Hi-tech fraudsters are attempting to trick PayPal users into calling a phone number and giving over sensitive credit card account information.
The tactic follows the same patterns as a recently detected "phone phishing" attack targeting customers of the Santa Barbara Bank & Trust. The attack on PayPal shows that the approach is going mainstream.
As before, the PayPal attack with a spoofed email message that claims that the recipient's account has been the subject of fraudulent activity. Instead of seeking to persuade users to visit a bogus website, these emails urge users to phone a number and verify the details of the credit or debit card "PayPal has on file".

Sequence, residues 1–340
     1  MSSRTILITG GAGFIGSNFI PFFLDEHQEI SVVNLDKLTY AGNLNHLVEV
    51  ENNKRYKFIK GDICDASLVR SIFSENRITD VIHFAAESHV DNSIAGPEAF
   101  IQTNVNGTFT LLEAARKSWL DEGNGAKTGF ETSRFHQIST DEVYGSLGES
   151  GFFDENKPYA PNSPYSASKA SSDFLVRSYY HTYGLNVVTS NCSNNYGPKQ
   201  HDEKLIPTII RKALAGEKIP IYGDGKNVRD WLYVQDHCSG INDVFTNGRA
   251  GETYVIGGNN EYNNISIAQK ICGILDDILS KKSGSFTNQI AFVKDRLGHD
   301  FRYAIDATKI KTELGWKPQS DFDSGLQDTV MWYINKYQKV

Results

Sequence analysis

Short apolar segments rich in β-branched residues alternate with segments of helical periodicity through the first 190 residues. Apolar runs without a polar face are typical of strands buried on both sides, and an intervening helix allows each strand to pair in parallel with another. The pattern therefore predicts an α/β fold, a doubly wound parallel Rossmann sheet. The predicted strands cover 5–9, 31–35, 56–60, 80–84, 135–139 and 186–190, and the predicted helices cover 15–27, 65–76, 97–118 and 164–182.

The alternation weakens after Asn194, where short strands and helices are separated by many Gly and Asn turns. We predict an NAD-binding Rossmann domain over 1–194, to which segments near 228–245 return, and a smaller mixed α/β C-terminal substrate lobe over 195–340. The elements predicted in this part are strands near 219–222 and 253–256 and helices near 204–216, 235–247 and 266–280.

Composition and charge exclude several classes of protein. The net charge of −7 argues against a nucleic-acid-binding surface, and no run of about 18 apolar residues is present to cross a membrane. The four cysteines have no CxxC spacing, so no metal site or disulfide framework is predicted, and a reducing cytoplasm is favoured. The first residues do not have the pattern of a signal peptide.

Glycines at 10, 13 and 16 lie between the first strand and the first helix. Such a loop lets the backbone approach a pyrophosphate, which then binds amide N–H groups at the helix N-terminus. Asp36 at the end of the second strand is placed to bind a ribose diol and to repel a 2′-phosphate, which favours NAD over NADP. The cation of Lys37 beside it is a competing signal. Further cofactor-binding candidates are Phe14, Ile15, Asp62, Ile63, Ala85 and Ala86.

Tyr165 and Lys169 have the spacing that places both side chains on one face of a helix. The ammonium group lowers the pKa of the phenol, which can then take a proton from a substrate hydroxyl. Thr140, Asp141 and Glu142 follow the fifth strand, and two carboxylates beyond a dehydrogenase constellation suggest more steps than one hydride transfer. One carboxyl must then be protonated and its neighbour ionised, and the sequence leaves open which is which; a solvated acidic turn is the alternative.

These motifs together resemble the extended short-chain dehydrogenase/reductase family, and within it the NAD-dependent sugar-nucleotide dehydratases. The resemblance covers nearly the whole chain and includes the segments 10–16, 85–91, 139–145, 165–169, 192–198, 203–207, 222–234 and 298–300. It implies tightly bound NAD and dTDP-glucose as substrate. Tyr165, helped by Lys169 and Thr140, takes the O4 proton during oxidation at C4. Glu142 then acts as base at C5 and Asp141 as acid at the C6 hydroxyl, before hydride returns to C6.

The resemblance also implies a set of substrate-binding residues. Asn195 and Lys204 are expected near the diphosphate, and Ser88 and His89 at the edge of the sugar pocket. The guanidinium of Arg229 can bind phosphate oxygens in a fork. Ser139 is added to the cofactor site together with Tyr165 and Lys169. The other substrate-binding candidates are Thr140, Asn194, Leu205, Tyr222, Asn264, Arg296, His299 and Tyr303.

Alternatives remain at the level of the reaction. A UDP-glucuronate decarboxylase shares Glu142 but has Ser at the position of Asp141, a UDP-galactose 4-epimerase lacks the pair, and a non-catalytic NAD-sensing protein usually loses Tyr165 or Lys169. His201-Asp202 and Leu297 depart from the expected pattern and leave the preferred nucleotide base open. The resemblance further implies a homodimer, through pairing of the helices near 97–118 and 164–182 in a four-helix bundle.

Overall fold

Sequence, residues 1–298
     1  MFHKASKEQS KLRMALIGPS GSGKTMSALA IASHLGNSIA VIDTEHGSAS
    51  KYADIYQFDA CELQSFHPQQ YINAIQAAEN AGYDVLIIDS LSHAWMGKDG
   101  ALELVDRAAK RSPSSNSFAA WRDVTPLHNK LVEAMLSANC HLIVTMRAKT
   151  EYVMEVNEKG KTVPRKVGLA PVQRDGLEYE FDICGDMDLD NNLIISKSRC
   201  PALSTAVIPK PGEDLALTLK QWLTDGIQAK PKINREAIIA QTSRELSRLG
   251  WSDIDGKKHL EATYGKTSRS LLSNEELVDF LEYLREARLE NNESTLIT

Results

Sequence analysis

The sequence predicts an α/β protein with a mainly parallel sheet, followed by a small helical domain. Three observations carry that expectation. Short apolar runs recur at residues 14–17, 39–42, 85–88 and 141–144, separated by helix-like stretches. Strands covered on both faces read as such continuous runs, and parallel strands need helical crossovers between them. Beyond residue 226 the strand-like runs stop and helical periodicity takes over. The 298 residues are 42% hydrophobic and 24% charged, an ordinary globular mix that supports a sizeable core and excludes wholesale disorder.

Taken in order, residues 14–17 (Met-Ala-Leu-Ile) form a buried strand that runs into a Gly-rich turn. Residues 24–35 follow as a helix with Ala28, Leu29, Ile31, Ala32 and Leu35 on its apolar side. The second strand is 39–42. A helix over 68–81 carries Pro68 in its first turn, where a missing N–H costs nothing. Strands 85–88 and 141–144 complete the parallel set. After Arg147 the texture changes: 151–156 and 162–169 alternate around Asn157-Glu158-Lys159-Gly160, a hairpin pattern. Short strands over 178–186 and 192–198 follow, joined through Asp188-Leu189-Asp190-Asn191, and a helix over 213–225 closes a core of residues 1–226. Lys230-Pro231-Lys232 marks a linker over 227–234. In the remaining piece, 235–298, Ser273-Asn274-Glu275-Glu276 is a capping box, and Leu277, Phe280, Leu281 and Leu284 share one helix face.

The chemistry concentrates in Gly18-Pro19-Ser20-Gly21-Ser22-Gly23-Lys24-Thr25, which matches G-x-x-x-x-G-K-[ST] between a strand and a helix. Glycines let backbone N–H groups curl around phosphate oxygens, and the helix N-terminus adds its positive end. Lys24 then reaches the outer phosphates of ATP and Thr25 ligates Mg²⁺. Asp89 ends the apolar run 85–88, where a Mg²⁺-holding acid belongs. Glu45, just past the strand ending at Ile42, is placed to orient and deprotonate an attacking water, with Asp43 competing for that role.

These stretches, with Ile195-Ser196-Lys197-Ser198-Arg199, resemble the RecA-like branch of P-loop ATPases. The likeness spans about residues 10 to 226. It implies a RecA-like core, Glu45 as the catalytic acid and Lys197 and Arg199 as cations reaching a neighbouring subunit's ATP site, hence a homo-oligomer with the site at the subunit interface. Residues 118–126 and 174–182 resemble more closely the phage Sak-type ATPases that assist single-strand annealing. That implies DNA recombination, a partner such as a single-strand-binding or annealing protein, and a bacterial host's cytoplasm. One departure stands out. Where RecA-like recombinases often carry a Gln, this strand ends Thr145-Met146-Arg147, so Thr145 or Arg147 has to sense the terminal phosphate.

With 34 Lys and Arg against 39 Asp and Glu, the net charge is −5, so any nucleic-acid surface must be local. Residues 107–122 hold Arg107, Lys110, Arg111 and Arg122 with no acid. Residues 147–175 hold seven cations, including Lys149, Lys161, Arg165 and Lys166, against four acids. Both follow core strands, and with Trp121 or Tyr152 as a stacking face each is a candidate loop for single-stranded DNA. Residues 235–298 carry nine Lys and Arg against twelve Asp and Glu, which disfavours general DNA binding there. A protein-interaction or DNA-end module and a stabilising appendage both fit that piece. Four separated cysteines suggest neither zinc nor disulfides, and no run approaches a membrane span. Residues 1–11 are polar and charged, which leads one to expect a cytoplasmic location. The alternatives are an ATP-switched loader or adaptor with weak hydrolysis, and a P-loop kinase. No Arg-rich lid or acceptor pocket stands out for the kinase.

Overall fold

When potential marks dial the phone number, a recording requests that they type in their account number. The PayPal attack is more sophisticated than the Santa Barbara Bank & Trust because fraudsters attempt to verify the legitimacy of the account information they've tricked users into handing over. If incorrect card details are entered, a request for re-entry is made, further enhancing the legitimacy of the fraudulent telephone number.
The bogus number was still live on Friday afternoon, according to UK security firm Sophos, which discovered the scam. A graphic of the bogus email and a WAV recording of the automated voice message can be found here. ®